In Pictures: The Futuristic London Buildings That Have Already Been Demolished

Will Noble
By Will Noble Last edited 46 months ago
In Pictures: The Futuristic London Buildings That Have Already Been Demolished

Some of London's post-war buildings were way ahead of their time, and have arguably been demolished ahead of their time, too. In this extract from his book, Lost Futures: The Disappearing Architecture of Post-War Britain, Owen Hopkins mourns the loss — and impending demolition — of some of the city's most ambitious building projects.

Mondial House

Mondial House International Telephone Exchange Upper Thames Street, London, 1975 Architectural Press Archive / RIBA Collections

Mondial House's unusual appearance was at least in part a consequence of its unusual function as an international telephone exchange. It was a 'working building', designed primarily to house switches, cables and terminals — and the means to power and ventilate them — rather than people. The building's concrete structure was clad in reinforced white plastic, which created a strange, futuristic look, described by Prince Charles as resembling a word processor. When the technology it contained went out of date, the building's days were always going to be numbered, and it was demolished in 2005.

Stifford Estate

Stifford Estate with ‘Old Flo’ by Henry Moore Stepney, London, 1961 London Metropolitan Archives, City of London

Henry Moore's sculpture Draped Seated Woman (1957–58), popularly known as 'Old Flo', is all that remains of the Stifford Estate in Stepney. The sculpture was bought in 1961 by the London County Council, which allocated 0.1% of its building budget for the purchase of artworks, with the idea that public art could help create a sense of community and identity in new schools and housing estates. The Stifford Estate also contained murals by artist Anthony Holloway, but these were lost when the tower blocks were demolished. 'Old Flo' is currently on loan to the Yorkshire Sculpture Park.

Robin Hood Gardens

Robin Hood Gardens Poplar, London, 1972 RIBA Collections / Tony Ray-Jones

Husband-and-wife duo Alison and Peter Smithson were leading figures of the 'New Brutalism' movement and pioneers of the 'streets in the sky' idea, which they first put into practice at Robin Hood Gardens. Despite the Smithsons' idealism, their building did little to alleviate the social problems and poverty that plagued the area. Lack of maintenance coupled with design faults has seen Robin Hood Gardens fall into a state of substantial disrepair and, despite passionate campaigns for the building to be listed, demolition plans were approved by Tower Hamlets Council in 2012.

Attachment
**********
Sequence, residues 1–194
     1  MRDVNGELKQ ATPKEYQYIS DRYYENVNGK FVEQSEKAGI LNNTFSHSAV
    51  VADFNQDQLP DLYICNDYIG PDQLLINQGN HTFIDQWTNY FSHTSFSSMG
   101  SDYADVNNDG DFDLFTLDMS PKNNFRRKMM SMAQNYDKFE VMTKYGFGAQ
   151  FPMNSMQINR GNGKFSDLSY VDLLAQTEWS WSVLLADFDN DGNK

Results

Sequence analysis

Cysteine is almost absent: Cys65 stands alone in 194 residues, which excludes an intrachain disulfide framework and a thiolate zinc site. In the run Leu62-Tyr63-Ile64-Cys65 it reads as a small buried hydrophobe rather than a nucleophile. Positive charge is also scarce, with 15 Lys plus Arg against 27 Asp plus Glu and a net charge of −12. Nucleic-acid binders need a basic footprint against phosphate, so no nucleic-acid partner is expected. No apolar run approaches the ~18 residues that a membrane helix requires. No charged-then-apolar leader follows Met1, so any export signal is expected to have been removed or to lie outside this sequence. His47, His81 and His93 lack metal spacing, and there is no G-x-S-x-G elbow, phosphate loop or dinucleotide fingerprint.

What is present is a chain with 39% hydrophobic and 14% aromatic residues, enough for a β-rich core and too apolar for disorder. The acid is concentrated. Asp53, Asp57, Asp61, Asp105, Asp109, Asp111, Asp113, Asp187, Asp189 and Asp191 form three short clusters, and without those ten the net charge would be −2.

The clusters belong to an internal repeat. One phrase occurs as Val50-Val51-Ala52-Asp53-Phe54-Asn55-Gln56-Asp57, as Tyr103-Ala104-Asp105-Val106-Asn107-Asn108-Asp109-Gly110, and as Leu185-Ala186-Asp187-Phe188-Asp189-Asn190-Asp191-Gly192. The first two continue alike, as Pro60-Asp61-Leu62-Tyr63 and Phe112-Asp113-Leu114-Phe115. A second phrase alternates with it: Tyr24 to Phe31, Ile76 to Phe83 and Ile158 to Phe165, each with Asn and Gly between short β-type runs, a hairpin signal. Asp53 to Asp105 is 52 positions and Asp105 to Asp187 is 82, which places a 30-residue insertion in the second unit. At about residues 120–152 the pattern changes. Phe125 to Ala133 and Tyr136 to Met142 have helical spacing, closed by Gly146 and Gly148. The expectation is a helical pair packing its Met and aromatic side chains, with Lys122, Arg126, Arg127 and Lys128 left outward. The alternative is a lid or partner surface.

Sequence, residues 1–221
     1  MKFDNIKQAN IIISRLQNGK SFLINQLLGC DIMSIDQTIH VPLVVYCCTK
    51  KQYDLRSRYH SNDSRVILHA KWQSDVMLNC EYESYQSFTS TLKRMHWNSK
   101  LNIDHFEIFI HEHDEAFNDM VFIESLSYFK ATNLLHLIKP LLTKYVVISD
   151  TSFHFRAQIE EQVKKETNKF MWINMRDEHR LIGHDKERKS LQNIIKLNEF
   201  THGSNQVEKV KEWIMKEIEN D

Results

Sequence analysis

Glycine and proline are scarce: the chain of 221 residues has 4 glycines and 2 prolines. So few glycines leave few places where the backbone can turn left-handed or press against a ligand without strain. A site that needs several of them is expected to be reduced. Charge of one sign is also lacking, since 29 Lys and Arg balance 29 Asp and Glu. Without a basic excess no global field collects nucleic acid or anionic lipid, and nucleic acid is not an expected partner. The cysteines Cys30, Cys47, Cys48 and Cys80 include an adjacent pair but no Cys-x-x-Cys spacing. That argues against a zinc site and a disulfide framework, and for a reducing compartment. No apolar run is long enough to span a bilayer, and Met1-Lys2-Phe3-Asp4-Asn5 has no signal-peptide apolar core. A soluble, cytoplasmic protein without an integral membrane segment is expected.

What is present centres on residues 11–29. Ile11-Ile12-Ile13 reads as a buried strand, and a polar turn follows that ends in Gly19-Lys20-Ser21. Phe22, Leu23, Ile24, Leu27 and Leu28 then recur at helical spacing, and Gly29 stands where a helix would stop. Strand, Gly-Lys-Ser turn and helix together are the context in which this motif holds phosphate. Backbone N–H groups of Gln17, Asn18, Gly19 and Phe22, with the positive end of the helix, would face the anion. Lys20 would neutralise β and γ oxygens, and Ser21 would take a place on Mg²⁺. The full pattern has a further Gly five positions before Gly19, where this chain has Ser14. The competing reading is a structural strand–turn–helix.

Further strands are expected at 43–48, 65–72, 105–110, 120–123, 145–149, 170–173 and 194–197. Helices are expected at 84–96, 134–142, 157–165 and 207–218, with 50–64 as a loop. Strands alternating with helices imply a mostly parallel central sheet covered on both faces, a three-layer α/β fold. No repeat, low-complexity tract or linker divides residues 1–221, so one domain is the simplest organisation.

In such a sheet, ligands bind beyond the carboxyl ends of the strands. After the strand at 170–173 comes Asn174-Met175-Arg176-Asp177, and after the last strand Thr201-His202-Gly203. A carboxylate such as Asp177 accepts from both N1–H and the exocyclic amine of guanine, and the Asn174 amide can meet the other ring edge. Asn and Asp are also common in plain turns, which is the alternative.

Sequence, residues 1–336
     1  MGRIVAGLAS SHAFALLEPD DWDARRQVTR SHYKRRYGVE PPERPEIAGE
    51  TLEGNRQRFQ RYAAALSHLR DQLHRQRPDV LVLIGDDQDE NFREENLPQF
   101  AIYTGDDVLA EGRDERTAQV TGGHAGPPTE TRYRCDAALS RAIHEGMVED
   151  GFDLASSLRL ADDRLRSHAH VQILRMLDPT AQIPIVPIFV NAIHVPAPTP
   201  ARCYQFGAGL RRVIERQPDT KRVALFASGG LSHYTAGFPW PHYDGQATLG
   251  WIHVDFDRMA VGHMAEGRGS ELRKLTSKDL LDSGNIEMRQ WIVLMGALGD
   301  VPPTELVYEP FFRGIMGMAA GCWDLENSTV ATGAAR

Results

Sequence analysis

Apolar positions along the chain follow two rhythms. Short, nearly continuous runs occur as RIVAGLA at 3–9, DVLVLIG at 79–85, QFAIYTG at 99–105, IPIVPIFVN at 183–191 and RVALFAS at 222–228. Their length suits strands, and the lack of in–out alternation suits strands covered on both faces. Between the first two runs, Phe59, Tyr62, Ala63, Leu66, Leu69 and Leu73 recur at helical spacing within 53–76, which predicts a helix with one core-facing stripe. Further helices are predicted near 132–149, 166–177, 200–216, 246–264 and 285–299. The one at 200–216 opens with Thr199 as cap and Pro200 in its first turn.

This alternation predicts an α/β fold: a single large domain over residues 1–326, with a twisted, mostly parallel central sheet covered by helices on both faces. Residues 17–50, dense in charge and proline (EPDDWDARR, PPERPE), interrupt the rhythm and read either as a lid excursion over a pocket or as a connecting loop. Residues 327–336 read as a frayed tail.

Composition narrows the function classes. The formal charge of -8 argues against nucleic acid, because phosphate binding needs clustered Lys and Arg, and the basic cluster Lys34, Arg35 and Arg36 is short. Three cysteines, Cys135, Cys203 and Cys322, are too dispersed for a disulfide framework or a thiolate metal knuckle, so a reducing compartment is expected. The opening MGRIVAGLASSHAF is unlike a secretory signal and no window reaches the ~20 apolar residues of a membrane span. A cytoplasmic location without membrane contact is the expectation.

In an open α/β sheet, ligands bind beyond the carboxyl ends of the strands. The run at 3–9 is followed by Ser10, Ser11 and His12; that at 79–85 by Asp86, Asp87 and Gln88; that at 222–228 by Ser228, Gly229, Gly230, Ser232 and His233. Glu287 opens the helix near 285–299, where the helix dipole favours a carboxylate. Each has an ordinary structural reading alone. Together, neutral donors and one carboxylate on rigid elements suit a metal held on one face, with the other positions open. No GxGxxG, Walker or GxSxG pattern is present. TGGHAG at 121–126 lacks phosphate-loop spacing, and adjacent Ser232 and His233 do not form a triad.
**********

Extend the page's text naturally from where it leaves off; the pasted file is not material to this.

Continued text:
Aylesbury Estate

The Aylesbury Estate Walworth, London, 1970 RIBA Collections / Tony Ray-Jones

On 2 June 1997, Tony Blair delivered his first speech as Prime Minister here, one of Britain's largest and most architecturally uncompromising housing estates. New Labour's policies were to have implications for estates and their residents all over the country, not least the Aylesbury. Soon after Blair's visit the local council was given funds to regenerate the estate. Proposals were overwhelmingly rejected in a ballot of residents but, despite continued opposition, works began in 2010. In early 2015, protestors opposed to the regeneration occupied a number of flats.

Pimlico Secondary School

Pimlico Secondary School Lupus Street, Westminster, London, 1970 Architectural Press Archive / RIBA Collections

The limited space available for Pimlico Secondary School and its 1,725 pupils required some clever thinking. Architect John Bancroft conceived of a building of four storeys, the first of which was sunken into the ground. The building emerged from this hole in a vast mass of interlocking volumes, overhangs and step-backs. The school developed a reputation in music and the arts, thanks in part to the high-quality facilities incorporated in Bancroft's design, but its architecture remained controversial. It was described by the council leader in 1995 as 'entirely without merit', and was later demolished, despite a spirited campaign to save it.

Serpentine Restaurant

Serpentine Restaurant Hyde Park, London, 1964 RIBA Collections / John Donat

Overlooking the lake, the Serpentine Restaurant's arresting structure comprised a series of concrete 'mushrooms' which sprouted from thin points in the ground to form wide canopies above. Adjoining concrete forms provided a platform from which rose a series of glazed umbrella-like structures. The building was carefully composed to hide service elements, including a car park. It was one of two restaurant designs by architect Patrick Gwynne in Hyde Park. The other, the nearby Dell Restaurant, survives and is now listed.

Elephant & Castle Shopping Centre

Elephant and Castle Shopping Centre Southwark, London, 1965 Architectural Press Archive / RIBA Collections

Devastated during the Blitz, the area around Elephant and Castle was the site of extensive rebuilding in an attempt to regain its pre-war title of the 'Piccadilly Circus of south London'. In 1959, an open competition was launched for a shopping centre. The winners, architects Boissevain & Osmond, created what was claimed to be Europe's largest shopping centre, but on its opening in 1965, less than half the shops were occupied. Despite several attempts at rebranding — including painting the whole building hot pink in the 1990s — the centre has always been deemed a failure.

Lost Futures, by Owen Hopkins, is available to buy, rrp £12.95.

Last Updated 24 August 2017